Fintech and Cryptoasset Developments in the Budget


1. FinTech review and delivery panel – the Government has announced a “major review” into the Fintech sector by Ron Kalifa OBE, a non-executive director at the Court of Directors at the Bank of England and vice-chairman of Worldpay. The City of London corporation will act as secretariat on the review. The review will “identify steps industry and government can take to support growth and competitiveness in the area, while ensuring the UK maintains its global leadership in the sector”. At this stage, further information has not been provided, but it is likely the review will focus on specific steps than can be taken by both the private and public sectors to create a more coherent and wide-ranging Fintech strategy in the UK.

The Government will also extend funding for the Fintech Delivery Panel, with an additional £768,000 allocated between April 2020 and April 2022. The panel brings together industry experts and engagement managers to develop collaborative initiatives to positively impact domestic Fintech startups and accelerate their time to market. The Panel will visit the regions and nations of the UK (including the North East, Midlands, Wales and the Southwest) to engage with businesses and stakeholders across the country to collect feedback, highlight useful initiatives and encourage investment. You can visit for more information on the Fintech Delivery Panel.

2. Digital currencies discussion paper – the Government noted it was awaiting and will carefully review the Bank of England’s discussion paper on a possible UK central bank digital currency (“CBDC”). In this way, the UK “will continue to take a leading role in exploring digital currencies, and the wide-ranging opportunities and challenges they could bring”. The paper is the first significant development since the Bank joined forces with the Bank of Japan, the European Central Bank (ECB), the Sveriges Riksbank, the Bank of Canada, the Swiss National Bank and the Bank for International Settlements (BIS) earlier this year to pool research and experiences in CBDC.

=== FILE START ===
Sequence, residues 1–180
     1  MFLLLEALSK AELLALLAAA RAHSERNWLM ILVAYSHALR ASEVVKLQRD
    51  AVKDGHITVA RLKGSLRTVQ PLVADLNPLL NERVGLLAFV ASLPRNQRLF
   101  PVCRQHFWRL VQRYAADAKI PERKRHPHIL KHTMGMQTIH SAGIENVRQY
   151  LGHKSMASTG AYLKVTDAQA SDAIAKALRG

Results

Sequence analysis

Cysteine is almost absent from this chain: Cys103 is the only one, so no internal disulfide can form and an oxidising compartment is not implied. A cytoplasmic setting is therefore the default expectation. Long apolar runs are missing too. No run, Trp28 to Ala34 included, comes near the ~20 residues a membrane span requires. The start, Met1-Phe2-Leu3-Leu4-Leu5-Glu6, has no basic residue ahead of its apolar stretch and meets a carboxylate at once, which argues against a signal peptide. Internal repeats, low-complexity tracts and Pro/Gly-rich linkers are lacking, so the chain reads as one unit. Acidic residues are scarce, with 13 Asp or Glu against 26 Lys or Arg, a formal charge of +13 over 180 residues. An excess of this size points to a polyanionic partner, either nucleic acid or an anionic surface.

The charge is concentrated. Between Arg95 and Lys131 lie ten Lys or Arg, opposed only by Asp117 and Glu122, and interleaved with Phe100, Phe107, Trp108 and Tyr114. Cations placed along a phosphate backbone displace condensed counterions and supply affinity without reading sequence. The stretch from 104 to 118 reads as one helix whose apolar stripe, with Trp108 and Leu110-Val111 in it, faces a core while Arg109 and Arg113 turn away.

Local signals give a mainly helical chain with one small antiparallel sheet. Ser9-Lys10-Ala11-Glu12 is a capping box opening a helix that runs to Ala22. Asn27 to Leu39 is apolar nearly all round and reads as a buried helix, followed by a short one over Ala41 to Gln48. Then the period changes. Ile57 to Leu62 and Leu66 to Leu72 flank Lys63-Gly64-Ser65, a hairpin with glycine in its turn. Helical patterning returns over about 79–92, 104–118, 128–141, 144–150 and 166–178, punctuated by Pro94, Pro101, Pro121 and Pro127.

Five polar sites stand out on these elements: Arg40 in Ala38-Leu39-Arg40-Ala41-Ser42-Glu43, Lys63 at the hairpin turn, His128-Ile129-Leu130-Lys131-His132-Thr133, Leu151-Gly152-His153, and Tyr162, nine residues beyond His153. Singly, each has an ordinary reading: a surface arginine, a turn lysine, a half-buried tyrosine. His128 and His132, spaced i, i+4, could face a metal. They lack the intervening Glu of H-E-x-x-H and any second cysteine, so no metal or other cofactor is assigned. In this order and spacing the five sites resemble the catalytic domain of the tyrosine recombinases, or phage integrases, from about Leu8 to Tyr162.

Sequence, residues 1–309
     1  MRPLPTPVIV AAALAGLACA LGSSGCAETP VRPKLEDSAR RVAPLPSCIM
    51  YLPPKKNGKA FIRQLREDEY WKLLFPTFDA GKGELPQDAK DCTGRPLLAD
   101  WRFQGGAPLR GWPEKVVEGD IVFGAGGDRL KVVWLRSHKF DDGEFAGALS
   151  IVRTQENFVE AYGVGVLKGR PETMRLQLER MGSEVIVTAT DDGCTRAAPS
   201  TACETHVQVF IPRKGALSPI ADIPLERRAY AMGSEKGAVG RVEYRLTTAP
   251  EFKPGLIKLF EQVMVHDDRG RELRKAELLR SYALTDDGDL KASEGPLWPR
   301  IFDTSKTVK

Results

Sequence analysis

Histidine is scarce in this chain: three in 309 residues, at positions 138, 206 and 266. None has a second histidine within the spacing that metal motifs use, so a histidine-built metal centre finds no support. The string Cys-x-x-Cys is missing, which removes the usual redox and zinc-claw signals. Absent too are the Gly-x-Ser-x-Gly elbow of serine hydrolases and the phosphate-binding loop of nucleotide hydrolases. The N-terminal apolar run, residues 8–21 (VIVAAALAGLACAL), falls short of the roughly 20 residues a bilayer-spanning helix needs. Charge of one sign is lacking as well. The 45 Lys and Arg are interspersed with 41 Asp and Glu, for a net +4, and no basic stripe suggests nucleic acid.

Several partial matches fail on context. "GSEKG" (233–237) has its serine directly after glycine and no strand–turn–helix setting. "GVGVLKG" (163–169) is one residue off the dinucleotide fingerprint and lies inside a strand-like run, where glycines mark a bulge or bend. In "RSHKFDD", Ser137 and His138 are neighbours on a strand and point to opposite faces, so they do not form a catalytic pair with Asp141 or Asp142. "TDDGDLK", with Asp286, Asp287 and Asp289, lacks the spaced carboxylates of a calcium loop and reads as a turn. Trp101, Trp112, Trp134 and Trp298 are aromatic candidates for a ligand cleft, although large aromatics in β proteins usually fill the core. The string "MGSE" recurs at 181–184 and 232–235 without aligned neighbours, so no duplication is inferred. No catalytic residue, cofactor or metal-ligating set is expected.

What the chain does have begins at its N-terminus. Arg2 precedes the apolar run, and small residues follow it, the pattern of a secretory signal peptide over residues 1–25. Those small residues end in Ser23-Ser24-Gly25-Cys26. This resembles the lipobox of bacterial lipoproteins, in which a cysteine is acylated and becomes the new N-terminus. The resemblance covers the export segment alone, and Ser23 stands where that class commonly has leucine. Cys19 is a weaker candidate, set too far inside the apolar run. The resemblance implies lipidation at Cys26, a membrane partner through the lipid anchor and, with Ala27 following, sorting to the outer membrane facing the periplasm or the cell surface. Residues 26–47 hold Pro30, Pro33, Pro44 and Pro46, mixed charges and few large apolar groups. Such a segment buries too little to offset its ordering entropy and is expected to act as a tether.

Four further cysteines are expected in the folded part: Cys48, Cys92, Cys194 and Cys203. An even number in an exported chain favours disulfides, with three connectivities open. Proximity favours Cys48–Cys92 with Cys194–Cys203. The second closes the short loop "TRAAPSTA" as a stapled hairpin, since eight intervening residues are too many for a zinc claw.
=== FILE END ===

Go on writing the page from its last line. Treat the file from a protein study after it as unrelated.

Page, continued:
Published yesterday, the discussion paper confirms that any CBDC would be denominated in pounds sterling and introduced alongside, rather than replacing cash and commercial bank deposits. The Bank has not yet decided on whether to introduce a CBDC. The paper notes that a CBDC presents several opportunities, but also significant challenges for maintaining monetary and financial stability; as such, the Bank intends to engage extensively on the benefits, risks and practicalities of doing so. As the basis for initial discussion, the paper highlights a possible ‘platform’ model where a CBDC would be treated like a digital banknote and be available to both businesses and households. The Bank requires written responses by 12 June 2020.

3. Cryptoassets consultation – in an encouraging move for the area, the Government has confirmed it intends to consult on measures designed to bring specific cryptoassets into the scope of financial promotions regulation. Later in 2020, the Government intends to consult on the wider regulatory approach to cryptoassets, taking account of new developments and challenges including stablecoins.